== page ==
Curdled milk is often a sign of spoilage. Bacteria that are naturally present in the milk eat lactose and create lactic acid in the process. Acids cause the fats and liquids in the milk to separate, which is why it curdles.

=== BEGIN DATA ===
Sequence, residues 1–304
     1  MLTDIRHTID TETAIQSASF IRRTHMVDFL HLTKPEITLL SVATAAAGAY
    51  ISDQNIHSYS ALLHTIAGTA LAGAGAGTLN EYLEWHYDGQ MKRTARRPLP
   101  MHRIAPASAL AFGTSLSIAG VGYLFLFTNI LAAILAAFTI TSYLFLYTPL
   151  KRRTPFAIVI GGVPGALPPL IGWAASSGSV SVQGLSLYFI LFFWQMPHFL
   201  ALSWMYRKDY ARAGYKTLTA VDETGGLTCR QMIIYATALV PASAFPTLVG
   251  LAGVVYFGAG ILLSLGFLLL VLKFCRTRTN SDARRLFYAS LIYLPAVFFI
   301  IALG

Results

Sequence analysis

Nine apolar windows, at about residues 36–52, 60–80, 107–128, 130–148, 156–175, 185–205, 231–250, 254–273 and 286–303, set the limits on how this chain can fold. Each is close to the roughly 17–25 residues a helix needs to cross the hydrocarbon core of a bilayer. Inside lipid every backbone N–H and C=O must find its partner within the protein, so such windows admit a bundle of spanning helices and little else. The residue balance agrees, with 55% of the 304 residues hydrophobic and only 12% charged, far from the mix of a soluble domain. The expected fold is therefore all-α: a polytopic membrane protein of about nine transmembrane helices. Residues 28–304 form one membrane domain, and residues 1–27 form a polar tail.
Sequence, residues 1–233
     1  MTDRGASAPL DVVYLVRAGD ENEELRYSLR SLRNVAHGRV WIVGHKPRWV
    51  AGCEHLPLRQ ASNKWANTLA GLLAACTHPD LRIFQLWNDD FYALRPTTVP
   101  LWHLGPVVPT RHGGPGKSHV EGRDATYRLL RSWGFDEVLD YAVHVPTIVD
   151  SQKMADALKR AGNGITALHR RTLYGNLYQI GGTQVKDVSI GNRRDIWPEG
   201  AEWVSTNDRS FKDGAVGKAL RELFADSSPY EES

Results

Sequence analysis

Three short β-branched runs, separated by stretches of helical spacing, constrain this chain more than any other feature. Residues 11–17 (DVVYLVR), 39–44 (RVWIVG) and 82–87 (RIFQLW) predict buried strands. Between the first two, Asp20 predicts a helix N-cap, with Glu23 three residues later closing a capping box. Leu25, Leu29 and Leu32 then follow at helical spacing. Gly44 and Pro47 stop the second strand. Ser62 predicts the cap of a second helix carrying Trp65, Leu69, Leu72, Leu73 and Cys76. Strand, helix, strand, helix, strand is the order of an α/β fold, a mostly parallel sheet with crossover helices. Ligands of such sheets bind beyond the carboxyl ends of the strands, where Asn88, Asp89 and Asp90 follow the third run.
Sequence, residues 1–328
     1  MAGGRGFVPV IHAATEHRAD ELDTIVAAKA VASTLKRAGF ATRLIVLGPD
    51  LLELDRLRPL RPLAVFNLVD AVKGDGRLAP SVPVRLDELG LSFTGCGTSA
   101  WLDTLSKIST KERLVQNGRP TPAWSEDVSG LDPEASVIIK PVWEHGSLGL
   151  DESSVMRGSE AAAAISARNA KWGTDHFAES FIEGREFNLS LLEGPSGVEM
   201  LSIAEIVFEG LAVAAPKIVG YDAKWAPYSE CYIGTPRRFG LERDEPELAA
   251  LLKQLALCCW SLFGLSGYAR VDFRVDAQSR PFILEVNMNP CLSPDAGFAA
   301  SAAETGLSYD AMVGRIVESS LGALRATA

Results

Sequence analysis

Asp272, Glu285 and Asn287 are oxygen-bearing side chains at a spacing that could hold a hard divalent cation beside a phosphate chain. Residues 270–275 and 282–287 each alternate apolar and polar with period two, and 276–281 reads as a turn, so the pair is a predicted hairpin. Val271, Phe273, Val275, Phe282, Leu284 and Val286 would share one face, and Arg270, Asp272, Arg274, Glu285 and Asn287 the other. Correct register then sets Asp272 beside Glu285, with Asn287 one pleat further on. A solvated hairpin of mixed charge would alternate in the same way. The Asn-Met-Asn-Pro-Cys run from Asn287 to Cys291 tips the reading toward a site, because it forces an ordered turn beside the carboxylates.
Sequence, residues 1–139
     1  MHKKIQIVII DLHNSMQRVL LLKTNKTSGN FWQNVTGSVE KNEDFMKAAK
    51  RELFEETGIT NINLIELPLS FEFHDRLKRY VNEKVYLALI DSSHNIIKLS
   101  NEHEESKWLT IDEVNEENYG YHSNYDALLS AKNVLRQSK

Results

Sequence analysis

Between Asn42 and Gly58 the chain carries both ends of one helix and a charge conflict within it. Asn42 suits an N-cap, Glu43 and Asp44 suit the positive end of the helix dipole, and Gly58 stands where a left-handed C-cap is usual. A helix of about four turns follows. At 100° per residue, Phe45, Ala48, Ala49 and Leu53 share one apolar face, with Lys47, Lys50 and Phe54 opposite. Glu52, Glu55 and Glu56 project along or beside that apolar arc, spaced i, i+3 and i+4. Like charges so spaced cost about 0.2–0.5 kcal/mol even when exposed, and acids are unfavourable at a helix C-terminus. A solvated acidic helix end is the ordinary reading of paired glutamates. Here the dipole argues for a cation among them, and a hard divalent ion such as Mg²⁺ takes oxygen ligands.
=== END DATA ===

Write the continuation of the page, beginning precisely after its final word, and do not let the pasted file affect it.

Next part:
However, milk can curdle without going bad. All that is needed is a bit of acid in place of lactic acid. A tablespoon or two of either lemon juice or vinegar in a small pot of hot milk will cause the fat to immediately separate into curds. These curds make great cottage cheese and ricotta. Cooks can also drain the whey from the curds and use the curds in recipes such as poutine, a Canadian dish.Learn more about Dairy & Eggs